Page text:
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Institute of Medicine (US). How Far Have We Come in Reducing Health Disparities? Progress Since 2000: Workshop Summary. Washington (DC): National Academies Press (US); 2012.

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How Far Have We Come in Reducing Health Disparities? Progress Since 2000: Workshop Summary.

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At the turn of the 21st century, several important reports and events on health disparities took place. These efforts were designed to raise awareness of health disparities and to describe initial efforts to reduce health disparities.

In 2000, the Surgeon General's office released several reports that showed dramatic disparities in tobacco use and access to mental health services by race and ethnicity (HHS, 1999, 2000). People of color were found to experience worse health outcomes than whites, and evidence of both higher levels of tobacco use and lower levels of access to necessary mental health services compared with those for the majority white population was detected.

At the same time, the first real legislation focusing on the reduction of health disparities was passed by Congress and signed into law by President Bill Clinton. Among other actions, the law created the National Center for Minority Health and Health Disparities within the National Institutes of Health (NIH) and authorized the Agency for Healthcare Research and Quality to measure progress on the reduction of disparities on an ongoing basis.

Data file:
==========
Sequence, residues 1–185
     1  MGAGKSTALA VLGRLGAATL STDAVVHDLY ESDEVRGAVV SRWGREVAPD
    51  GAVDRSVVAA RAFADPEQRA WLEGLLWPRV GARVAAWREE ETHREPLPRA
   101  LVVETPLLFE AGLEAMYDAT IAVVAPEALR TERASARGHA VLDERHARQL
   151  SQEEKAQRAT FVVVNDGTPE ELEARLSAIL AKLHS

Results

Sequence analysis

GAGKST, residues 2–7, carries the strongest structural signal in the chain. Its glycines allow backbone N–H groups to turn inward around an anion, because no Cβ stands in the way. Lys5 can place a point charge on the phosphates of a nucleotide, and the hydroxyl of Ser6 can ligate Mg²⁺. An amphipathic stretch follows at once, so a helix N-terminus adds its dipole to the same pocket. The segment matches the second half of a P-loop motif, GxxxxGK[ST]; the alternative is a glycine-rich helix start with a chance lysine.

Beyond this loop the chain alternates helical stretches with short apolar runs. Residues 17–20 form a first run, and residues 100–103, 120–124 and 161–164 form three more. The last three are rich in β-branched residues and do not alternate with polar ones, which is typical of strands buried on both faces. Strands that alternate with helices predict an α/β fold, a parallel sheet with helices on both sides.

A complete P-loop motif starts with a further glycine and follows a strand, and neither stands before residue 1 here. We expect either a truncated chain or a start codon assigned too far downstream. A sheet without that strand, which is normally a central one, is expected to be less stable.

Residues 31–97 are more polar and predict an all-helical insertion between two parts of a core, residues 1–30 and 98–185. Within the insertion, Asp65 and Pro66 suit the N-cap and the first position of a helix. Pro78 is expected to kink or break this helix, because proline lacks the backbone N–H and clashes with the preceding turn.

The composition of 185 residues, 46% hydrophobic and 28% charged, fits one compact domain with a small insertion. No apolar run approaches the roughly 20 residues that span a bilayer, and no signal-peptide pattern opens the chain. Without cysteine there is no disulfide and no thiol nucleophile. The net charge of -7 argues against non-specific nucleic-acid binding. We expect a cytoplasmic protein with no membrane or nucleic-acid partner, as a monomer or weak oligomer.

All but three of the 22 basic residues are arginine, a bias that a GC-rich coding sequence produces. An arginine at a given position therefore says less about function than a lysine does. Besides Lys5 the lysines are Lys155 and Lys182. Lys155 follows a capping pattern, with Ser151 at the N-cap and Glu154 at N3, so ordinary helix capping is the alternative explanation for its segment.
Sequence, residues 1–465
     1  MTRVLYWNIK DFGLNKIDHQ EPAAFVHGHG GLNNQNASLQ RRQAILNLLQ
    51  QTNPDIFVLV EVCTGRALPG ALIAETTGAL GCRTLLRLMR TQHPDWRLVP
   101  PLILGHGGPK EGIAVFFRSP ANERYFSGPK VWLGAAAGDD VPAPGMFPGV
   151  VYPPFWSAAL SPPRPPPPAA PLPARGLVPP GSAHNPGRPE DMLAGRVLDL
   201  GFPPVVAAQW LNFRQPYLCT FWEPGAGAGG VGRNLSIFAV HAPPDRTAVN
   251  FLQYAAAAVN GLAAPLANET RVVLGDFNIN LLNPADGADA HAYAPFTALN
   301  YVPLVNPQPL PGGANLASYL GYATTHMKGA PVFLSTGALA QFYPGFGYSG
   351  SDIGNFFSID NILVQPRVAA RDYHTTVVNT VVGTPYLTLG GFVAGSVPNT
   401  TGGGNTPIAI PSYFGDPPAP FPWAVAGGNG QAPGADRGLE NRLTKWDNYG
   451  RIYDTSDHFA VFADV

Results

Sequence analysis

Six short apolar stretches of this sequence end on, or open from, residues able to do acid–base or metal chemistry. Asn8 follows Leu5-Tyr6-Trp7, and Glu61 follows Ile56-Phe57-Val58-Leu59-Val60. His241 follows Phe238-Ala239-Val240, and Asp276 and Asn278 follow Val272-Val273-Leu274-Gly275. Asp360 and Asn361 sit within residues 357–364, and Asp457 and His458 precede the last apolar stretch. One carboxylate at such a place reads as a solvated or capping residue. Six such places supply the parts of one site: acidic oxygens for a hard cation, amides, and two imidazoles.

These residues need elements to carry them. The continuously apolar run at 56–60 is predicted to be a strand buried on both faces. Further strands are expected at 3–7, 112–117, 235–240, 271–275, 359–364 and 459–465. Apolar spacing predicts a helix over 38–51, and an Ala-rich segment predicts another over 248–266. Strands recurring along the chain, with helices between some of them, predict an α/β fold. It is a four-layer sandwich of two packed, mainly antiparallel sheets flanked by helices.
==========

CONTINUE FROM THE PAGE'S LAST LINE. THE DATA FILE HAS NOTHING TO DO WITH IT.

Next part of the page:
A year later, in 2001, the Institute of Medicine (IOM) released a land mark report, Crossing the Quality Chasm: A New Health System for the 21st Century. The report highlighted the importance of a focus on health care quality rather than a focus only on access and cost issues. And in 2003, the IOM released Unequal Treatment: Confronting Racial and Ethnic Disparities in Healthcare, the first comprehensive documentation that racial and ethnic minorities have less access to health care and that the care these groups do have access to is often of poor quality.

Building upon these seminal reports, the IOM held a workshop on April 8, 2010, that discussed progress to address health disparities and focused on the success of various federal initiatives to reduce disparities. The workshop's statement of task was as follows:

The Roundtable on the Promotion of Health Equity and the Elimination of Health Disparities uses public workshops to inform its meetings and discussions on relevant topics. An ad hoc committee will plan and conduct the workshop that will feature invited presentations and discussions. The planning committee will define the specific topics to be addressed, develop the agenda, select and invite speakers, and moderate the discussions. The workshop will explore progress in reducing health disparities and promoting health equity in the past decade.